He is most well known for his 1937 book Witchcraft, Oracles and Magic among the Azande where he studied the role of magic and prophecy in the lives of the Sudanese Azande people from their perspective.

This was one of the first times that an anthropologist had attempted to understand other cultural beliefs as a coherent system, rather than simply listing the ‘odd’ or ‘irrational’ practices from a Western perspective.

One of his main conclusions was that the Azande were making rational decisions based on different assumptions, in contrast to the general colonial opinion that the people of Africa were somehow ‘backward’.

Evans-Pritchard became one of the founders of social anthropology and was influential in a change of perspective in understanding other cultures.

He was also a keen photographer and there is a fantastic collection of his photos that attempted to record the people he met at the Oxford University Pitt Rivers museum.

The documentary is a great overview of both the man and his work with the Azande and Nuer people in Africa.

Link to documentary ‘Strange Beliefs: Sir Edward Evans-Pritchard’.

The psychiatric bible: the state of play

New Scientist has a good piece which outlines the current state of play in the contentious and recently delayed revision of the forthcoming psychiatric diagnostic manual, the DSM 5.

If you’ve been following the bad-tempered tussling among the psychiatric community over the re-writing of the manual, you probably won’t find much new in the main piece but it is a great summary and is accompanied by some examples of contentious disorders that are being considered for the new version.

These include complicated grief, a form of extended and unresolved grieving; changes to ‘gender identity disorder’, which currently describes the state of feeling like you’re a different gender; and hebephilia, a sexual interest in pubescent children.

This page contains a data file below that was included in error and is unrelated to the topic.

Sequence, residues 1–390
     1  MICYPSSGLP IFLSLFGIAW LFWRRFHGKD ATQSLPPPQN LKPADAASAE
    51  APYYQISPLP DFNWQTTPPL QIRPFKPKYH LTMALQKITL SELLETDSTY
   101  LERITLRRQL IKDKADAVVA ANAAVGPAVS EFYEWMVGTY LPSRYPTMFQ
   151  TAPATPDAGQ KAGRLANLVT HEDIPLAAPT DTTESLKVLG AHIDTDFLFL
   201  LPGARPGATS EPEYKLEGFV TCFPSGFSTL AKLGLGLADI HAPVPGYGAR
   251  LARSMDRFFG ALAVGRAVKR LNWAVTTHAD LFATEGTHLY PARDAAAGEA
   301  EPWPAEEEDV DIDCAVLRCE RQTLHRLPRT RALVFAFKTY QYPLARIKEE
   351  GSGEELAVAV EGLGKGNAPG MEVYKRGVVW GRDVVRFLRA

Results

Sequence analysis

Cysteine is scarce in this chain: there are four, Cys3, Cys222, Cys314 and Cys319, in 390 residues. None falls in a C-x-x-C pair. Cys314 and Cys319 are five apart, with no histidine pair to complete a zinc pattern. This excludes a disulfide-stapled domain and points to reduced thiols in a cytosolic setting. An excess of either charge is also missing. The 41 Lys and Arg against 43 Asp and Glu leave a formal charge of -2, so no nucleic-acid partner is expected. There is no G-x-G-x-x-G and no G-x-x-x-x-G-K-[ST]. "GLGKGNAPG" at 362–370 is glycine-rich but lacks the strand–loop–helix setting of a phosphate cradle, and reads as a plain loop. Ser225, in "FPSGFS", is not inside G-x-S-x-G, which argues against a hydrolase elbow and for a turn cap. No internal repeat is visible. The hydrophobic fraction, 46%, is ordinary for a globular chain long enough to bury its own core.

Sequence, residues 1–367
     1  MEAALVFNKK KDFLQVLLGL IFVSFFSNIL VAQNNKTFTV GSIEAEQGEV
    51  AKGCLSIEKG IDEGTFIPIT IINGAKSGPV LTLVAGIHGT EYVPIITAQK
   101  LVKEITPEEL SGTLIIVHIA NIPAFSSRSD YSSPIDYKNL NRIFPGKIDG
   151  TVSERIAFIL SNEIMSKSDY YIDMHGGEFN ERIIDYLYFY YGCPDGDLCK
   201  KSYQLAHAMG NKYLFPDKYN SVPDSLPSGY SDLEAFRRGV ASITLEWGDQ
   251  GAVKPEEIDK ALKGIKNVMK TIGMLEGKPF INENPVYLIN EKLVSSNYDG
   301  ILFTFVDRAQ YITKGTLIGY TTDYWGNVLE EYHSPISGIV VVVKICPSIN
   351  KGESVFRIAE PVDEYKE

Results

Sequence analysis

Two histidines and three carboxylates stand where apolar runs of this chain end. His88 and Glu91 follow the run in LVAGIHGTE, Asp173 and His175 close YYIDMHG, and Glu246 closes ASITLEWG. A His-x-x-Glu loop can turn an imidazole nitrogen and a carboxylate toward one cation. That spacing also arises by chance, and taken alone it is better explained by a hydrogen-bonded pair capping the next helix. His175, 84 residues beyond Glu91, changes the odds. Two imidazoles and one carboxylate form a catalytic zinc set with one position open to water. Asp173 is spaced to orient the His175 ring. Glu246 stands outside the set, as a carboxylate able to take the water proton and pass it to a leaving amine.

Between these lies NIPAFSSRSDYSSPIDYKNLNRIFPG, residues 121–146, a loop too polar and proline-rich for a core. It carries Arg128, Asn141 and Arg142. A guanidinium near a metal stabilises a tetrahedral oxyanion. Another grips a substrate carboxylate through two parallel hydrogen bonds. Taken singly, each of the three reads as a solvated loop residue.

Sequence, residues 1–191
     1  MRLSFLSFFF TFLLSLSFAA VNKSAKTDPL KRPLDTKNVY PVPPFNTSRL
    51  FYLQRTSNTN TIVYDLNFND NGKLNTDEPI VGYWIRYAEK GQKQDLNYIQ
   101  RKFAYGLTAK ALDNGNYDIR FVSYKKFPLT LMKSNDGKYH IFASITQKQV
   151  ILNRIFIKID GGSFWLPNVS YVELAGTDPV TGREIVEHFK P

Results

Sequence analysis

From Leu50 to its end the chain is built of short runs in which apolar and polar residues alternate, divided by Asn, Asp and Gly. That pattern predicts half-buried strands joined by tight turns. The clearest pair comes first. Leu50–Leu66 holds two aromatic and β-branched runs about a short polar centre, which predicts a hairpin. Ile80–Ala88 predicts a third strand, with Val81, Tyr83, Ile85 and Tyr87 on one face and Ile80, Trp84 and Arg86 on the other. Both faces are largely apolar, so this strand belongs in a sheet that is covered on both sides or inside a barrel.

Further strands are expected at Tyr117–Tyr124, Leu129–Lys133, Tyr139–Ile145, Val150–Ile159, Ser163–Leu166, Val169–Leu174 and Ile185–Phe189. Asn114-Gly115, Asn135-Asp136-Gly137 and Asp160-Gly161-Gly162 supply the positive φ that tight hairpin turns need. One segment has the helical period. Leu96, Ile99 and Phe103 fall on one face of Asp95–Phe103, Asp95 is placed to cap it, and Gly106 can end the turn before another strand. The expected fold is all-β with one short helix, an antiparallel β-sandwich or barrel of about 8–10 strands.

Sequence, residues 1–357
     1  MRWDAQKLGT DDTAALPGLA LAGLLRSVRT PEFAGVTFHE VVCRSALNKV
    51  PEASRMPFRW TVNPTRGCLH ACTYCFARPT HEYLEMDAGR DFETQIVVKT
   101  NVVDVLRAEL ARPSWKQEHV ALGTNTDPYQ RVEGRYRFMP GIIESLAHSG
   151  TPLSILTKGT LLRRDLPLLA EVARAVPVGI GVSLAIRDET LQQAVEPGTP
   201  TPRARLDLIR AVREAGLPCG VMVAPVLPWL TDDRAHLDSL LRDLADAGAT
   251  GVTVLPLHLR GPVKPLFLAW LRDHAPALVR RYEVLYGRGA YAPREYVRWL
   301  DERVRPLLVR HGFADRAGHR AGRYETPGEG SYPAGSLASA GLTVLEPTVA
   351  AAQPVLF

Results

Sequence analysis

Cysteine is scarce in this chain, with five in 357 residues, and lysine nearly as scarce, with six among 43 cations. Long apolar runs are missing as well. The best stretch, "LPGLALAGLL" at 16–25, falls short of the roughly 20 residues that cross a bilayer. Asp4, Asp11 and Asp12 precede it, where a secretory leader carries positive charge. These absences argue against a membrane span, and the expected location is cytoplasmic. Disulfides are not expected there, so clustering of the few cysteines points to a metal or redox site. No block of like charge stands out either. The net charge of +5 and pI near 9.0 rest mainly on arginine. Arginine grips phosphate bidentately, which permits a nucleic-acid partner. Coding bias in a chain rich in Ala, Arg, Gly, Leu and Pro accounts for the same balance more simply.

The NewSci article is also accompanied by an interesting editorial that argues that the American Psychiatric Association should ditch the book and move to a database format where individual diagnoses could be updated when necessary as new evidence requires.

Link to NewSci article ‘Psychiatry’s civil war’.
Link to editorial ‘Psychiatry’s bible: Its time has passed’.

A great write-up of Project HM

Neurophilosophy has an excellent write-up of Project HM, the ongoing mission to thinly slice and digitise the brain of Henry Molaison, famous as amnesic Patient HM, who died last year.

Molaison was only one of a very few patients who had a radical operation that removed inner sections of both temporal lobes to cure otherwise untreatable temporal lobe epilepsy.

At the time, it wasn’t known that removing the hippocampus on both sides of the brain would lead to a profound amnesia that left the patient with the inability to create new ‘declarative’ memories – ones that can be recalled into the conscious mind.

The procedure was only carried out on a handful of patients before the profound effects became clear. The neurosurgeon William Scoville later campaigned against its use.

The rest, as they say, is history and owing to Molaison’s cheerful participation in numerous memory experiments we know a great deal more about the neural basis of memory. Hopefully the new high resolution digitised brain slices will allow a fine detail look at the relationship between HM’s brain and his abilities.

You’ll not find a better account of the project, so do head over and check out the Neurophilosophy piece.

My only slight addendum would be that the distinction between short and long-term memory was not initially drawn from HM. This distinction was originally made by ‘father of psychology’ William James who described it as ‘primary’ and ‘secondary’ memory in his 1890 book Principles of Psychology.